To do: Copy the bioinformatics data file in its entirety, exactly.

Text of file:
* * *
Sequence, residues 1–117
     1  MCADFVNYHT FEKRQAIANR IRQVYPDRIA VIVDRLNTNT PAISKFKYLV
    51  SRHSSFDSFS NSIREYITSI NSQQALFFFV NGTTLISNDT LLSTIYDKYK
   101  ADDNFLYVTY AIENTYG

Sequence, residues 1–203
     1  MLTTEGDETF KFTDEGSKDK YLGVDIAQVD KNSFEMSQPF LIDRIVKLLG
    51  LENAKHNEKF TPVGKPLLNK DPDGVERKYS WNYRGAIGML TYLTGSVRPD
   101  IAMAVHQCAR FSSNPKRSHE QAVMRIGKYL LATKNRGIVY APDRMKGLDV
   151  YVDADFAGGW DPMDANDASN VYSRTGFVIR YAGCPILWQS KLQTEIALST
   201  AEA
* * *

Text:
Sequence, residues 1–117
     1  MCADFVNYHT FEKRQAIANR IRQVYPDRIA VIVDRLNTNT PAISKFKYLV
    51  SRHSSFDSFS NSIREYITSI NSQQALFFFV NGTTLISNDT LLSTIYDKYK
   101  ADDNFLYVTY AIENTYG

Sequence, residues 1–203
     1  MLTTEGDETF KFTDEGSKDK YLGVDIAQVD KNSFEMSQPF LIDRIVKLLG
    51  LENAKHNEKF TPVGKPLLNK DPDGVERKYS WNYRGAIGML TYLTGSVRPD
   101  IAMAVHQCAR FSSNPKRSHE QAVMRIGKYL LATKNRGIVY APDRMKGLDV
   151  YVDADFAGGW DPMDANDASN VYSRTGFVIR YAGCPILWQS KLQTEIALST
   201  AEA